Narcisse Blood was killed in a car accident not long ago. He was a center post for many innovations and creations and it has taken a while for people to begin to pick up the threads and begin again. Justin Many Fingers is a performance artist and dancer from the Blood Reserve of the Kainai, north of Montana in Alberta. It is a place that has been sheltered from whites, which has protected the aboriginal heritage but also given the People a secure base from which to operate in the larger world. Justin is an example of that.
Another factor is readiness to work with worldwide indigenous peoples. Darrell Kipp, also gone now, was much empowered by this force since the Hawaiians and the New Zealand Maori had done a lot of work with language restoration and were happy to share. I first met Narcisse at a Piegan Institute sponsored conference. These People are “reconciliation” People who wish to preserve and energize the old ways, but not punish the present. Inclusion and transformation are the values.
Justin appeared at the Valier library with a posse of Blackfoot folks that included Beverly Hungry Wolf whom I know from the Sixties when she was married to Adolf Hungry Wolf. Their daughter Star had recommended that they stop on a research visit to the location of the “Baker Massacre.” The couple raised their children 19th century style in a log cabin with a creek for a water source and a photovoltaic sheet for electricity to run Adolf’s laptop. Their children, now adult, have moved on to good jobs in the cities. The Hungry Wolfs divorced and Beverly is remarried, teaching at one of the tribal colleges. Everything moves on.
Justin has been active in many contexts and now is about to take on management duties. This is his self-description on “Linked-in”:
“I’m 28 years 5 months. My address is my suitcase and a back pack.
I live for the arts, as long as I have food in my tummy, a pillow under my head, and a studio to create, I'm all good.
“I love traveling and making new friends and family.
“I am I bit crazy because I like to live life without any limitations, I live to push beyond them.”
Troy Emery Twigg and Cherish Violet Blood were with this group. They had worked together on a production called “Making Treaty 7,” a previous key work. (Treaty 7 is the Canadian Blackfoot treaty.) I’m quoting from the website, "makingtreaty7.com".
“The board and staff of Making Treaty 7 are deeply mourning the tragic loss of ELK SHADOW / PONA KO’TAKSI, also known as Michael Green, and MIDDLE BULL / TATSIKIISTAMIK, also known as Narcisse Blood. Elk Shadow was the founder and visionary behind the Making Treaty 7 project. We celebrate his commitment to a shared belief that “WE ARE ALL TREATY PEOPLE”. We are committed to ensuring that his spirit will live on. Elk Shadow, One of Long Vision, had no boundaries and could not see color. He was an inspiration to everyone he touched. “This is the most rewarding and electrified piece of art that I have ever created in over 30 years,” he told us, “and to have, through this process, through the Sundance, been blessed with a spiritual awakening is a gift I could never have expected.” Middle Bull was the Cultural and Spiritual Advisor to Making Treaty 7. He was the Grandfather to the cast and crew; he was the walking encyclopedia of our language, our culture and our history. Together, Middle Bull and Elk Shadow brought First Nations and non-First Nations together. They were the heart and soul of Making Treaty 7. Narcisse will be truly missed within our spiritual circles.”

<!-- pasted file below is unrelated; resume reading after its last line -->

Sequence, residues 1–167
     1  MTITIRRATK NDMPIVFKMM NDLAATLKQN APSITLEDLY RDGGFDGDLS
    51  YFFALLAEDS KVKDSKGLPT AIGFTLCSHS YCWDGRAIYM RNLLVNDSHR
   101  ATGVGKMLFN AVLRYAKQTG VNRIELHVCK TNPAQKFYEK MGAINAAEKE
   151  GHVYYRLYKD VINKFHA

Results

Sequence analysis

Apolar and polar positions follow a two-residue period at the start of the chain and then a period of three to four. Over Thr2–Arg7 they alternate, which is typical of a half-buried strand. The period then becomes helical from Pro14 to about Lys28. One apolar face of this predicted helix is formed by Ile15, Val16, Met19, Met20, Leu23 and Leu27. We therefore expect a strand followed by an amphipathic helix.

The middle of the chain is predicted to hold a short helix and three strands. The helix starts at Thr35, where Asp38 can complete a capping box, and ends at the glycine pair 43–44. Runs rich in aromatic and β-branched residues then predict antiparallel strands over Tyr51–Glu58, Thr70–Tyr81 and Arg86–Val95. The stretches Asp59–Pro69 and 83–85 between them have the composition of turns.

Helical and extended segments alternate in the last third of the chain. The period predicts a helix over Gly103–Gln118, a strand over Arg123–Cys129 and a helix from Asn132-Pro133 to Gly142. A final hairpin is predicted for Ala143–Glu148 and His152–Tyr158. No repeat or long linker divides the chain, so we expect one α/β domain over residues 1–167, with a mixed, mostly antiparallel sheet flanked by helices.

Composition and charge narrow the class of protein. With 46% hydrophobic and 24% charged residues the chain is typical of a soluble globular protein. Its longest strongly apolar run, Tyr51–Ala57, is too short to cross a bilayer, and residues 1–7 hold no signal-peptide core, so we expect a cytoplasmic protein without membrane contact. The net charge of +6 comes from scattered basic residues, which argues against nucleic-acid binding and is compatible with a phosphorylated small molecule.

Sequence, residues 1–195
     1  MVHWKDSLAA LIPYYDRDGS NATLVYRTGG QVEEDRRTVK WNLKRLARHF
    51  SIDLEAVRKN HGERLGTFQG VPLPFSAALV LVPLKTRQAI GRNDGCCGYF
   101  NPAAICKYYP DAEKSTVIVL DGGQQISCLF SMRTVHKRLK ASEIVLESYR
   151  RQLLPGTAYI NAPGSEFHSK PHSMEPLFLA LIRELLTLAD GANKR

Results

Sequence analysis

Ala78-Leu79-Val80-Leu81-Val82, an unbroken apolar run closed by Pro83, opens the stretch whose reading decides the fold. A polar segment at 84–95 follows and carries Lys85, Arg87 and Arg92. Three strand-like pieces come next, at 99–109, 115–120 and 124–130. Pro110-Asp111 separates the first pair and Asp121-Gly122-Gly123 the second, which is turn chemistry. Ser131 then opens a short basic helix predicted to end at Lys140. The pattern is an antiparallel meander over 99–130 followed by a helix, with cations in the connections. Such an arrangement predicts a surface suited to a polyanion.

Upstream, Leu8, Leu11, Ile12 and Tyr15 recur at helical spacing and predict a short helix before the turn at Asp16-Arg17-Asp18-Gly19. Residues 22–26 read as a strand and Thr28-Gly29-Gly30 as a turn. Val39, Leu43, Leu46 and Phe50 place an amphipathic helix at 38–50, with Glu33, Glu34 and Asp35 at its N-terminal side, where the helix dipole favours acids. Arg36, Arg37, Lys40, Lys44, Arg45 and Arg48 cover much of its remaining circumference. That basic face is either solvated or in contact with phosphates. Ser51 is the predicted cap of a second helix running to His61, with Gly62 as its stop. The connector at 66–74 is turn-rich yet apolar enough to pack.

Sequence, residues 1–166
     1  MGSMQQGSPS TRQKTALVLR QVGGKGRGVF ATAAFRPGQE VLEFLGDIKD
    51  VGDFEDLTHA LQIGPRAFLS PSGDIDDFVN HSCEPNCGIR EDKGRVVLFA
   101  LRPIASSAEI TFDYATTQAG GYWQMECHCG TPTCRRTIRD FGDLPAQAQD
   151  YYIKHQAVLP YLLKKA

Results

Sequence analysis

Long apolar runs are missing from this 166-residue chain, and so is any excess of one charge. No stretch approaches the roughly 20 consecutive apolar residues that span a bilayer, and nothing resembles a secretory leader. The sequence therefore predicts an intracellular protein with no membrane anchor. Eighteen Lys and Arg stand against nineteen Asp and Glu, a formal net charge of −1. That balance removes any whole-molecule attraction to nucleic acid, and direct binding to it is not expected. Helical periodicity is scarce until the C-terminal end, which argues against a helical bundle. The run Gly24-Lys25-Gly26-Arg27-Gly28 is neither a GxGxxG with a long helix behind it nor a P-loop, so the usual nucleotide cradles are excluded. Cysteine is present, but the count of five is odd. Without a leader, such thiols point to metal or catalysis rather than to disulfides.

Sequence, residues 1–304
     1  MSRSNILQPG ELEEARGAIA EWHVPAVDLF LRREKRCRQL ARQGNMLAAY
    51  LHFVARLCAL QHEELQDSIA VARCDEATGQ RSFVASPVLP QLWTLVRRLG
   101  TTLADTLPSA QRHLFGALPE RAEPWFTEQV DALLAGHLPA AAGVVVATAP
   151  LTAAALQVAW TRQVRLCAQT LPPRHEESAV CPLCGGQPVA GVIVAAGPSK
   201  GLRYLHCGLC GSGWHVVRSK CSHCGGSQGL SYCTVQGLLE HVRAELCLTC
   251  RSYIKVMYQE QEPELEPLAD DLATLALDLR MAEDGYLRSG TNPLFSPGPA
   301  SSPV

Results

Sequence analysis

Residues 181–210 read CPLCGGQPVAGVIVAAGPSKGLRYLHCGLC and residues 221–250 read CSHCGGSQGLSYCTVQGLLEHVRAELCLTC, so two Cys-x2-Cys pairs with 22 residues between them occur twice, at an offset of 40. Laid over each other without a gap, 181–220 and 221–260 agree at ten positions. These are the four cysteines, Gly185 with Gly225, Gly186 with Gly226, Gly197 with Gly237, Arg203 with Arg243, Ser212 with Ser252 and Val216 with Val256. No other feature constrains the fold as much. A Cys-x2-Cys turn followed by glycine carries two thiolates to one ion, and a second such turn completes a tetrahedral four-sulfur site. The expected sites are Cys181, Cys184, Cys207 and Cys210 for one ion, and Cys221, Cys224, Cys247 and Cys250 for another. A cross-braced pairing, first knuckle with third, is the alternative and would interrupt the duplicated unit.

Justin played the historical character Champlain in a production called Wisakedjak, which “is not just entertainment, it is the embodiment of sacred teachings.” “To get to the essence of this half human, half spirit being, whose escapades have been passed on through an oral and nomadic tradition, is like being played by the trickster himself. He is a shapeshifter, the original rebel without a cause, a stranger in a strange land, the manifestation of our hubris as well as its antidote.”
In terms of comparative religion, Wisakedjak is NOT Napi or Jesus or Starboy, but he occupies the same niche as an interlocutor between realms, including those of cultures. Champlain with his 17th century big hat, long jacket, and writing plume is clueless. (For more, go to “Troutinplaid.com.”)
As clueless as the drunken Major Baker of the US Cavalry who bore down on the peace camp of HeavyRunner and massacred women, old people, and children -- the men had gone to hunt. One can read similar stories in the newspaper every day, but the people -- who are roughly the same color as American indigenous folks -- are in Eurasia. Carol Murray, local Blackfeet historian, was the guide. For many years since the location of the camp she and her husband, John, have organized annual commemorations. If the road is passable, that is, since it happened in the middle of winter.
There are many accounts, some written and many more told by survivors only in their families. There was great fear of retaliation on both sides. In fact, it was used to justify the suppression of ceremonies, the language, and newly forming organizations of every kind, including the young educated men who wanted only discussion of ideas.
Now the discussion can happen freely and this group is leading it. So much is just beneath the surface if we aren’t afraid to access it. Canada has been much better about funding and supporting the arts and they are the better for it. Many of our best Native American actors, like Graham Greene and Tantoo Cardinal were trained by Canadian companies. They have resisted the commercialized entitlement wars that try to “own” cultures, wasting energy on suppressing others, American style.
Iitahpoyii de Troy Emery Twigg @ Studio 303 on Vimeo. This is Justin dancing on vid. I hope you can find it. Yosemite hides links, at least from me. vimeo.com › Studio 303 › Studio 303’s VideosVimeo